Showing posts with label What your kidneys do. Show all posts
Showing posts with label What your kidneys do. Show all posts

Monday, March 14, 2016

5 Simple Steps to Keep Your Kidneys Healthy


The kidneys have a big job to do, but we often take them for granted. With March as National Kidney Month (and March 14 World Kidney Day), it’s time to consider giving your kidneys a checkup.
 
Kidneys are prone to disease. According to the National Kidney Foundation (NKF), a third of Americans – more than 26 million people are in danger from kidney disease – the 9th leading cause of death in the U.S. Most of us don’t realize it, since there normally are no outward signs until the disease progresses.  

Since more than a half million Americans have kidney failure today and more than 95,000 people are waiting for kidney transplants, raising kidney health awareness is important. 

What your kidneys do

Every day your kidneys – two fist-sized organs located in the lower part of your back – filter about 200 liters of your body’s circulating blood. Your kidneys also work to maintain your blood pressure and manage red blood cell production, salt and potassium levels, and your body’s acid content. 
 
Your kidneys also expel drugs from your body, balance your body's fluids, and strengthen bones by producing vitamin D. 
 

5 simple steps to ensure kidney health


The NKF advises us to all do the following simple things to protect our kidneys:
  1. Get tested
    Your doctor can give you an ACR urine test or a GFR blood test once a year if you have diabetes, high blood pressure, are over age 60, or have a family history of kidney failure – all common risks for kidney disease. You can also get screened for free via the National Kidney Foundation’s KEEP Healthy program: www.kidney.org.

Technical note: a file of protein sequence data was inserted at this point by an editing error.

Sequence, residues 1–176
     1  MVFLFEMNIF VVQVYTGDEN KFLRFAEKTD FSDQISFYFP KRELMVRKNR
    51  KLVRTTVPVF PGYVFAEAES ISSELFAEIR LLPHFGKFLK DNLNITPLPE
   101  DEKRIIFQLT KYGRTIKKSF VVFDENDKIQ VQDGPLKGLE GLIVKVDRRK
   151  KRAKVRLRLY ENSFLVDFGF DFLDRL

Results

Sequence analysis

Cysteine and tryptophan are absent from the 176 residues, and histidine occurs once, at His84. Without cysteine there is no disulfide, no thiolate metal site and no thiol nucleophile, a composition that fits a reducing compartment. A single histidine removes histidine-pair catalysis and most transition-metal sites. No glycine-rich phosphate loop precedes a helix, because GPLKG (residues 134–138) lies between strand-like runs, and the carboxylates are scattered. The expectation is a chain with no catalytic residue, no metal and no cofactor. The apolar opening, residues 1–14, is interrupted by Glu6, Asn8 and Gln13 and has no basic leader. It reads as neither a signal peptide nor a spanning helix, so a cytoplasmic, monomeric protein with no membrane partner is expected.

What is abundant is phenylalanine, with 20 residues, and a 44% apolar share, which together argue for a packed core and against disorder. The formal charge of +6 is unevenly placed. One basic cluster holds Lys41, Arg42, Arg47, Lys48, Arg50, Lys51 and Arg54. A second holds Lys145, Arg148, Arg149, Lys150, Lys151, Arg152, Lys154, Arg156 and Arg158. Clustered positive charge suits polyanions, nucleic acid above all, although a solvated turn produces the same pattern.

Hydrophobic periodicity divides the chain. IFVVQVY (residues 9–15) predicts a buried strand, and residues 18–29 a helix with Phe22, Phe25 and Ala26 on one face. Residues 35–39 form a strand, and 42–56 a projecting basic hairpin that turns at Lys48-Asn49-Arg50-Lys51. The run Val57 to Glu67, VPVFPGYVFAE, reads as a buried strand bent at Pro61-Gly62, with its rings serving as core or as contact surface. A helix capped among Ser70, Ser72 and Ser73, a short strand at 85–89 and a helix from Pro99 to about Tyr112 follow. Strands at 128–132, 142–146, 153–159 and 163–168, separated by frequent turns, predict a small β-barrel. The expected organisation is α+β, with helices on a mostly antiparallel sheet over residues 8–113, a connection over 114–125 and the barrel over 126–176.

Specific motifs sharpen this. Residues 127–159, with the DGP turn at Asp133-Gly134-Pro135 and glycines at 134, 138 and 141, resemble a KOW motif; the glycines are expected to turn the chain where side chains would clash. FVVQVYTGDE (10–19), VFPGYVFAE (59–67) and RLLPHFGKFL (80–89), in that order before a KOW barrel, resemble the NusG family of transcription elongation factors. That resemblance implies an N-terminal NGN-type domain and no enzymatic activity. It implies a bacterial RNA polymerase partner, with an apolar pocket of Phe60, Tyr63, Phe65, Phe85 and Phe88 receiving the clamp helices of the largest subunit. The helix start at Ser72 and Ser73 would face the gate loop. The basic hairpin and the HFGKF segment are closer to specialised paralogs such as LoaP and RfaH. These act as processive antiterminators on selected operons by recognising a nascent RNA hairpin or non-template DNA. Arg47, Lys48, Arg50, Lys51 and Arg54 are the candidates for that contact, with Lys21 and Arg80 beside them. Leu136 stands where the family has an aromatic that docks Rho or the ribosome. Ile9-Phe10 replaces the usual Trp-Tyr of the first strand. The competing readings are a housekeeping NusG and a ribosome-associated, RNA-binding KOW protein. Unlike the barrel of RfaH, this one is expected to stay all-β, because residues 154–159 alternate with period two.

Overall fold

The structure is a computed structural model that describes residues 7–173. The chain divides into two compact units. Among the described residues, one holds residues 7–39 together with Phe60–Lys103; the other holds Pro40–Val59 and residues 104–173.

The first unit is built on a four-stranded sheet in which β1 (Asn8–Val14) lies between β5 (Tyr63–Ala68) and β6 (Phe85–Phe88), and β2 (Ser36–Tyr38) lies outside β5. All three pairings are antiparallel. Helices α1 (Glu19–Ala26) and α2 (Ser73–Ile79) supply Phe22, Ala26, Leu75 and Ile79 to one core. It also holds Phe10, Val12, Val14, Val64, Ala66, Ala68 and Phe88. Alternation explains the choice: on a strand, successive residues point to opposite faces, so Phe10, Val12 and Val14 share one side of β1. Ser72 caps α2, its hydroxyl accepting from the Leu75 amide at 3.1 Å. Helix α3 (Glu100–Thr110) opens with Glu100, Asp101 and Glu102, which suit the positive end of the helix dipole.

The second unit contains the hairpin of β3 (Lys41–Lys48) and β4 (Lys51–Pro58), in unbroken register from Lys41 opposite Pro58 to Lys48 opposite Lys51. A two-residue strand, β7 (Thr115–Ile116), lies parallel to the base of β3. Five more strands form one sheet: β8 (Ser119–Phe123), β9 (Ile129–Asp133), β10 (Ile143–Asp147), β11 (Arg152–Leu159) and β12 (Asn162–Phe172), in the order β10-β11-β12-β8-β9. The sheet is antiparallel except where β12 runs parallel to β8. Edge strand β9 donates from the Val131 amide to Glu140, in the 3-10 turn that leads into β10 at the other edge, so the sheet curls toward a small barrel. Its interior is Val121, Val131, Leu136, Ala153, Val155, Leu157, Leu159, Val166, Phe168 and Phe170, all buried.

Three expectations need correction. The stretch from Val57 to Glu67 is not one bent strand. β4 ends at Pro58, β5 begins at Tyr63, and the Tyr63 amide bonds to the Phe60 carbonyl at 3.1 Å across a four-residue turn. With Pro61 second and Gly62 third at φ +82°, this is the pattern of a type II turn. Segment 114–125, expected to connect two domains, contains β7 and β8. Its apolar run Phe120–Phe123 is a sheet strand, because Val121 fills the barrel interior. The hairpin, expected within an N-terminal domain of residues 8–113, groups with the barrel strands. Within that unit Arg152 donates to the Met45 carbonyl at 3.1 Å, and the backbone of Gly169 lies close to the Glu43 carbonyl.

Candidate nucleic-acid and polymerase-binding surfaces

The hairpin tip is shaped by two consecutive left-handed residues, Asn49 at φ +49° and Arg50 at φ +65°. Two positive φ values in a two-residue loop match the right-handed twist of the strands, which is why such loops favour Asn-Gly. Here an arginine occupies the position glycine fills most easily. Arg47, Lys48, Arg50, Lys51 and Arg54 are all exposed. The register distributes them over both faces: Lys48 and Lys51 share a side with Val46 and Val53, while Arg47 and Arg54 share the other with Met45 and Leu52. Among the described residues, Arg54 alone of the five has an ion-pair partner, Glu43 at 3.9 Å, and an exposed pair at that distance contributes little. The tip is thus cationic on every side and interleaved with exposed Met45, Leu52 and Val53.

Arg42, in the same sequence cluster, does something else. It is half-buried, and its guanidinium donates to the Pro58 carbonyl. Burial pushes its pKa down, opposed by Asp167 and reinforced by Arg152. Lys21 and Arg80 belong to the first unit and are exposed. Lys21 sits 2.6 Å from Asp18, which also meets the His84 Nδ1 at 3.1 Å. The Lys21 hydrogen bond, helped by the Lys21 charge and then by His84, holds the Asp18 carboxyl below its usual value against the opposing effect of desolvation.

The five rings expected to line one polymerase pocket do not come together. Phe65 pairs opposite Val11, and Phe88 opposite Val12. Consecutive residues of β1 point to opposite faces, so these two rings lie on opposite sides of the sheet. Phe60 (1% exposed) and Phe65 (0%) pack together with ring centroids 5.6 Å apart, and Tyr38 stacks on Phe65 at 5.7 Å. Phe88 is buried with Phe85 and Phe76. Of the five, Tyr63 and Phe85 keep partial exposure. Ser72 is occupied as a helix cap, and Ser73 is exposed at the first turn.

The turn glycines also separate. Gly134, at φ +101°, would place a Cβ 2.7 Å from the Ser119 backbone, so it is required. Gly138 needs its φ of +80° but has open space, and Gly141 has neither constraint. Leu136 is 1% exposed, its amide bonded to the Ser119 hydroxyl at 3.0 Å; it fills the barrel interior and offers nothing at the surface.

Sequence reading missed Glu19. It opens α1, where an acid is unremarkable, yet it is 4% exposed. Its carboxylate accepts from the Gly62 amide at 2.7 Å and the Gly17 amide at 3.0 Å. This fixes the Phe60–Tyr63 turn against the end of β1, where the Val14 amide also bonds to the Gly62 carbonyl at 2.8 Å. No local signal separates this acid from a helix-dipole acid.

2. Go easy on the NSAIDs
    If you take any of the common over-the-counter NSAIDs (nonsteroidal anti-inflammatory drugs), be aware that they can harm your kidneys. For safety, especially if you’re already in a high risk group, reduce your use of NSAIDs.
  3. Cut the processed foods
    Processed foods may be easy on your food prep time, but they are hard on your kidneys. Many common processed foods are often a source of high levels of sodium, nitrates, and phosphates in your body.
  4. Get physical
    Your kidneys respond well to exercise. Exercising regularly keeps your blood vessels, bones, muscles, heart, and kidneys healthy. The NKF recommends being active at least 30 minutes daily.
  5. Drink plenty
    Your kidneys clear sodium, urea, and toxins from your body, but they need plenty of water to do this. Avoid getting hydrated via sugary beverages though, which will also help you avoid getting kidney stones. For most adults, aim to drink 3 to 4 pints of water/day.
During National Kidney Month the NKF offers other health activities to promote awareness of the risk factors for kidney disease:
  • Free Screenings: Throughout March, the NKF is giving free kidney screenings. Locations and information are on their website.
  • Take the “Are You at Risk” Kidney Quiz, which can help you with early detection – important in preventing kidney disease! Kidney Quiz.
  • Join the live NKF Twitter Chat: NKF Chief Medical Officer Dr. Vassalotti will be online March 14, from 12-2 pm ET to answer questions live at www.twitter.com/nkf using the hashtag #WorldKidneyDayNKF.
To learn more, check out this Six step kidney disease primer or read up on World chronic kidney disease statistics.

If you currently take a medication for your kidneys, visit FamilyWize.org where you can download a free Prescription Savings Card – and save an average of 43% on all medications – or use our Price Lookup Tool to compare prices at local pharmacies. 

Contributing Writer